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LEADERSHIP FROM THE DIGITAL BOARDROOM

Gavin Fallon, General Manager, UK, Nordics & South Africa at Board International

 

Modern enterprises are highly complex organisations, operating within volatile market conditions and at the mercy of a constantly shifting economic environment. Yet traditional boardrooms remain an enclave of static spreadsheets, presentations and decision-making based on what has already happened, not what the future may hold – which is obviously vital for making decisions in today’s ever-changing business environment. If they haven’t already, then now is the time where enterprises need to make their boardrooms digital, not just to keep pace with the rest of the business, and to also remain competitive.

 

The last few months have shown the importance of agile decision-making led from the Boardroom, with a complete and real-time view based on latest metrics and data, of what’s really going on across the enterprise. Despite this, research from FSN, discussed in a recent event with PwC, has shown that most organisations are woefully underprepared, with 40% of organisations admitting to being constrained by technology and 48% admitting to being data constrained or data overloaded.

 

Gavin Fallon

This is a point backed up by our own State of Decision-Making research which also shows that whilst just over half (54%) important business decisions are based on data and insights, ‘gut feeling’ decisions are still made by nearly a further half (45%) of companies. What’s more, over half of all of companies (57%) still rely on spreadsheets to aid their decision-making, despite more modern and reliable tools now being available.

 

Underinvestment at some organisations seems have taken its toll, but smart CFOs, get the importance of real-time decision-making and more responsive, planning and forecasting capabilities, and understand there has never been a more important time than now to move to a Digital Boardroom.

 

Leading firms are embracing the Digital Boardroom approach, both for managing client projects, as well as their own diverse and complex internal reporting, and decision-making needs. There’s lots to learn from these firms and what has been achieved through the accelerated digital transformation of decision-making.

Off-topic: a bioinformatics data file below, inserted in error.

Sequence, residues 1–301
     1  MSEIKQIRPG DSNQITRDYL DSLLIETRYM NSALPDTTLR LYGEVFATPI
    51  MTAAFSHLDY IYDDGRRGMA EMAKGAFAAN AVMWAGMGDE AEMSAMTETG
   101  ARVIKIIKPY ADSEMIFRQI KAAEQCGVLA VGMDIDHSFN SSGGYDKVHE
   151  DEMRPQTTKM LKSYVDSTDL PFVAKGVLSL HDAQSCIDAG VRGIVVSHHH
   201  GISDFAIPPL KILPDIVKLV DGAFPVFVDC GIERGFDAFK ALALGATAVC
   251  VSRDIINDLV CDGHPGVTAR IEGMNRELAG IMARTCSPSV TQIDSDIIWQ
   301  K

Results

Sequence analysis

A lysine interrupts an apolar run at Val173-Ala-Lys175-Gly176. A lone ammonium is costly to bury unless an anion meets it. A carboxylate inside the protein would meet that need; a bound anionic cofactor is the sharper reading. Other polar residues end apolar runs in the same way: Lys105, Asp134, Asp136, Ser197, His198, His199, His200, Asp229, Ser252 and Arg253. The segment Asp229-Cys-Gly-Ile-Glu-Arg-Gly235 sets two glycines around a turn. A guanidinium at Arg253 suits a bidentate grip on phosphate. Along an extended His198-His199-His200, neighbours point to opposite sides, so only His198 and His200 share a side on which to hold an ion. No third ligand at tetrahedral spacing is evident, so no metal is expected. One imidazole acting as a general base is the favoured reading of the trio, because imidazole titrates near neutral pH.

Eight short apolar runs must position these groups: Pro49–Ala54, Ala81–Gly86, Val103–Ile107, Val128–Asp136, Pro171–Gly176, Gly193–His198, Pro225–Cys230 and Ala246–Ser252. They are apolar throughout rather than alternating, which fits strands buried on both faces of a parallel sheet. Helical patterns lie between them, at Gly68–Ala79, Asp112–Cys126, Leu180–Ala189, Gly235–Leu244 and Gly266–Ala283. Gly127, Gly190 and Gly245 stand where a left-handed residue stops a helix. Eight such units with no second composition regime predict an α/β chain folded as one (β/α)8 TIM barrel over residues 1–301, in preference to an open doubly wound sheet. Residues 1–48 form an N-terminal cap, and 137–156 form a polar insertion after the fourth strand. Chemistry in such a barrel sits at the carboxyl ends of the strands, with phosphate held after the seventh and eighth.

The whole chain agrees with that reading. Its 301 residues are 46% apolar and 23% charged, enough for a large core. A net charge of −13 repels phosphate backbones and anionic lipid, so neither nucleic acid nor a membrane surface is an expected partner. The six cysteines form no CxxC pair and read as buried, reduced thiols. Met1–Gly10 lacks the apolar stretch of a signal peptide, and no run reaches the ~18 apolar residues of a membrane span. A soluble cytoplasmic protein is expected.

Internal reporting is a formidable challenge of all businesses, of all sizes, but one of our customers, PwC, identified the need to transform budgeting, planning and reporting, for a number of reasons. This included strategic high-level planning through to longer 3-year planning and annual budgets, and to better connect these plans with regular management information reporting. Whilst systems at PwC had stood the test of time, they wanted more agile, integrated and transparent driver-based planning, improve time and efficiency, along with better visualisation and interactivity, plus they knew that financial analytics are constantly evolving and wanted to ensure they always remain at forefront of finance planning and decision-making innovation.

 

Big audit and advisory firms like PwC need the ability to plan different levels of granularity, integrating multiple data sources into a single BI tool, and enable real time reporting on plans all in one platform, and of course doing all this at scale and speed, with lots of opportunity for future development.

 

Business leaders can now access interactive dashboards and self-serve at the touch of screen, drilling down into figures and trends, combining finance and non-finance data sources, where real power exists in not just being able to glean insights solely from finance data, but getting a collective view of various key data sources from across the business.